pmt

Messages
148
Location
MN
This subject is one that I've given some thought to also lately. I've been doing the "touch the oil pan" test on my GMC pickup last summer and this winter when ever I change the oil. Although coolant temp runs at 205 F year round, there is a huge difference in oil pan (by touch) temp - wish I had an oil temp gauge. I've been feeling guilty about using 5W-40 in my 96 T-Bird (to control oil consumption) - "40 weight is too thick to properly lubricate, etc, etc." But if the oil temp in summer runs at say over 200 F and the winter oil temp is 180 F - 40 weight oil @ 212 F is thinner than 30 weight @ 180 F. I now don't see any problem with running a 5W-40 oil. As long as the oil viscosity at low temps is good, 0W or 5W, I think you're safe.
 
Messages
764
Location
Fairfield County, CT
Despite all the good UOAs, I wouldn't switch to a 5W-20 unless the manufacturer says it's safe to do so. Does GM even recommend this viscosity at all? Even Ford and Honda do not recommend this for all their vehicles. Rotella T Syn 5W-40 is a very good oil and I would have left that in there... I don't see what you would gain from switching to Pennzoil 5W-20?? For more accurate oil temps, pull the dipstick and touch the oil, or better yet, install a gauge [Wink]
 
Messages
526
Location
Manitoba Canada
Without a temp sensor in the oil pan, you'd never get an accurate sense of what the oil is doing. If you examine the HTHS ratings, those are run at an elevated temp of 150 C. I've asked GM if any xW-20 could be used in their truck Vortec motors (1999 and up) and in no uncertain terms they said: Absolutely not. So for the winter cold pumping I need at -42 F, I run Mobil 1 0W-30. If you're in Canada and can't find an appropriate 0W-30, try Esso XD-3 0W-30, it's almost as good. I was away for a day trip and happened to stop into a Wally World. Their own brand "Tech 2000" has a full synthetic 0W-30 for $5.66 a litre. I don't know anything about Wally World oil so can't recommend or comment until I see a spec sheet. Still, that's over $2 a litre cheaper than Mobil 1. Though $1.20 a litre more than Esso XD-3 0W-30. Jerry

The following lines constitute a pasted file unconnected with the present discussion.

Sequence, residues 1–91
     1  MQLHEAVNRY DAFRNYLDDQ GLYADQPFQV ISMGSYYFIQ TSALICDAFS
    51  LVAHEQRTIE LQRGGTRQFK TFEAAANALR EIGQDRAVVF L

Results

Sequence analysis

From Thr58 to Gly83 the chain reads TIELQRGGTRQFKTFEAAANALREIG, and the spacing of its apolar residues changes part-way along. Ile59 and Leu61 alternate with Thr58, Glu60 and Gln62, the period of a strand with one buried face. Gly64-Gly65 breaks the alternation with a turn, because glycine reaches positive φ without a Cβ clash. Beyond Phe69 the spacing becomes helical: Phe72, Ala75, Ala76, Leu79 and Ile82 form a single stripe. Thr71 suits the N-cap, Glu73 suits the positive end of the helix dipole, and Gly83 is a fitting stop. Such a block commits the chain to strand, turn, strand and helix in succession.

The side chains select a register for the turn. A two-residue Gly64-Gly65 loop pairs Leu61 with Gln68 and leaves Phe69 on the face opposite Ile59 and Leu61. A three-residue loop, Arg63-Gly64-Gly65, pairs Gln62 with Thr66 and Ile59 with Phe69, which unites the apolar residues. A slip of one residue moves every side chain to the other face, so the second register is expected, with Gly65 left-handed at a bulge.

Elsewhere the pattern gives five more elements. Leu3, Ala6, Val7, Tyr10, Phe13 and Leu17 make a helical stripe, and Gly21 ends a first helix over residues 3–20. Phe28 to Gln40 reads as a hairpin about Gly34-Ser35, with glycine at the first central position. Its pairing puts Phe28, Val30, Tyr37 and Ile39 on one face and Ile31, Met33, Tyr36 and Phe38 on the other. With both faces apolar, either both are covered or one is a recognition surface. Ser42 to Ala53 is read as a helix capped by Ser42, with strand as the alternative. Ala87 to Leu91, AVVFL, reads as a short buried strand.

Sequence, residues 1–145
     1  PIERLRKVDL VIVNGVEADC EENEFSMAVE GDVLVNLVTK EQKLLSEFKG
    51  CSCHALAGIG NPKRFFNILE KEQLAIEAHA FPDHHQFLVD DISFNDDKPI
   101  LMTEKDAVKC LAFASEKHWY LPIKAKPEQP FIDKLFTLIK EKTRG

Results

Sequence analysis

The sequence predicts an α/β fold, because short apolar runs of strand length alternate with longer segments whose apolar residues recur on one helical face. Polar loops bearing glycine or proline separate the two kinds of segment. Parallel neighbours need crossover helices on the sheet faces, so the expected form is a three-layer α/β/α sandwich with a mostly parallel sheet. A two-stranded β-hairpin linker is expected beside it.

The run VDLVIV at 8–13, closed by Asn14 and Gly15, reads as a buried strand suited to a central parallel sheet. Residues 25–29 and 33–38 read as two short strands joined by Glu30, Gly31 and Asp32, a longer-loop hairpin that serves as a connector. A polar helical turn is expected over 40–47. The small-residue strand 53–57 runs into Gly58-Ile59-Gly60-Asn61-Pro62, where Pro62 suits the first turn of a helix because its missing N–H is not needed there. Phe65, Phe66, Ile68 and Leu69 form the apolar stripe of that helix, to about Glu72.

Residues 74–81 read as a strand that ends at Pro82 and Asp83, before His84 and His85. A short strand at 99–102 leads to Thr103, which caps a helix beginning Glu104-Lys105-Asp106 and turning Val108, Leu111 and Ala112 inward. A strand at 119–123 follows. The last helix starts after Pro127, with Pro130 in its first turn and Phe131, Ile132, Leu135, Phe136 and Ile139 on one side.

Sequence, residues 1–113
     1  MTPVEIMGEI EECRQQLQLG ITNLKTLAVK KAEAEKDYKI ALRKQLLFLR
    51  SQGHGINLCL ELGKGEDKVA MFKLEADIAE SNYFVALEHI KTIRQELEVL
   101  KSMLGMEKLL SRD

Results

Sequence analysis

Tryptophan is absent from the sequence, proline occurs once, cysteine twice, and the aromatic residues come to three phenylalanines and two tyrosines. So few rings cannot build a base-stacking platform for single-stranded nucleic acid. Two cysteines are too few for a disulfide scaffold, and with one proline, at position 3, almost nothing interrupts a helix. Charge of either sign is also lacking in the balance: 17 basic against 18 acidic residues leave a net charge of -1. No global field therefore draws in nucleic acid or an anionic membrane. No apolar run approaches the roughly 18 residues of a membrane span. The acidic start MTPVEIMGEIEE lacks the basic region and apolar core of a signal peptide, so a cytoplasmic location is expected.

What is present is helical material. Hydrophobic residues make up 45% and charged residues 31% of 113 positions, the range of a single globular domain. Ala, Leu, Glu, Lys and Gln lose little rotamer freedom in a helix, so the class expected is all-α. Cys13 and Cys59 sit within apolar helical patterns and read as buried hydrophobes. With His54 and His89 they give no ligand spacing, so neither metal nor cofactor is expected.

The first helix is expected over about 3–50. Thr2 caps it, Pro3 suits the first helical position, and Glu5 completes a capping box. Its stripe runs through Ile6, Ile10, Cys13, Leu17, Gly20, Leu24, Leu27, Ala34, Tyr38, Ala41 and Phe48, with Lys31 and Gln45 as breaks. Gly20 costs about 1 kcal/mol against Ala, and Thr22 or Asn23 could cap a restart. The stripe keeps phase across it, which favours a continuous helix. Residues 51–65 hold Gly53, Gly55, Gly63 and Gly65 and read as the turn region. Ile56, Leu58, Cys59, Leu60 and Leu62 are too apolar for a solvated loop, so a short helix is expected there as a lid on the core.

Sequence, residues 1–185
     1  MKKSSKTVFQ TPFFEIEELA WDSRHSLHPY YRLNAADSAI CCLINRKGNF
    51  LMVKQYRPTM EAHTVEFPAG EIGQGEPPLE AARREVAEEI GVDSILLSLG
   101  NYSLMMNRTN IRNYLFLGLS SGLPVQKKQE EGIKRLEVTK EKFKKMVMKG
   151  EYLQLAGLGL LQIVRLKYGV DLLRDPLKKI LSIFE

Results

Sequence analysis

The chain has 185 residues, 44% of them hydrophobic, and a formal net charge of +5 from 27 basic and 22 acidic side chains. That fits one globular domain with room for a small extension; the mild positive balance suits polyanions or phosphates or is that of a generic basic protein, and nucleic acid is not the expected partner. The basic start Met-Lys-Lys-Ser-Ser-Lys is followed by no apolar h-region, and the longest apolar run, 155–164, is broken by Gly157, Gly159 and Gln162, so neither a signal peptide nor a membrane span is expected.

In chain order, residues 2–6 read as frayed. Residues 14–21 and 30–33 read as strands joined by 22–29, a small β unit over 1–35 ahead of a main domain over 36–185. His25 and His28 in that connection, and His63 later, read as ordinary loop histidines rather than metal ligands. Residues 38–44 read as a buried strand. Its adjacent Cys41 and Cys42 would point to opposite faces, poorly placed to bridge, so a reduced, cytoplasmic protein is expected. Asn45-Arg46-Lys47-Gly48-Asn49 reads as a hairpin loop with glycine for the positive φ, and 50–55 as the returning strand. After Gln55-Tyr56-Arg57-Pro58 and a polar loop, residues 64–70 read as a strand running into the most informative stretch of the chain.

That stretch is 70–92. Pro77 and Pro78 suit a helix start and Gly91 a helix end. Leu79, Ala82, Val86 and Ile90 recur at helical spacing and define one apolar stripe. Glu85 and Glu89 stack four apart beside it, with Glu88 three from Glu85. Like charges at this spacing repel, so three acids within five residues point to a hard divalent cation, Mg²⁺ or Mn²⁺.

tpi

Messages
200
Location
So. CA
Do others with oil temp gauges tend to agree with his temps? I don't get much experience with -20 degree temps here. But at times I travel and see very low temperatures; I have observed long warmup times for the oil plus oil temp stabilizing at 140 F. or less. This on an old SB Chevy with sump temp. gauge. As for the filter touch test; this area has good circulation and are not likely to be tainted by coolant temperatures or temperatures regulated by coolant thermostat. Certainly seems fine by me for a quick and dirty check.
 
Messages
2,768
Location
Tn
Hmmm Mola, sounds like the GM oil life monitor might not work with this animal in the Winter climates. You'd never ever get the oil up to operating temperature. Seems like you'd keep major condensation.
 

MolaKule

Staff member
Messages
22,072
Location
Iowegia - USA
You have to realize this was the oil temp upon arrival. High-speed driving down the turmpike most likely peaked the oil temp to over 210 F for short bursts and removed condensation. This year of vehicle did not have an oil life monitor anyway. This is the same vehicle with 280,245 miles on it with nery an engine touch. Oil (10W30) is changed every 3-5k with either Mobil 1, Amsoil, Redline, or Schaeffer's, or a mix of same (whatever oil I have on hand). Oil Filter is Amsoil SDF23 or SuperTech, or CarQuest. http://theoildrop.server101.com/ubb/ultimatebb.php?ubb=get_topic;f=4;t=000196#000000 [ February 06, 2004, 02:02 PM: Message edited by: MolaKule ]
 
Messages
12,385
Location
Northern CA
quote: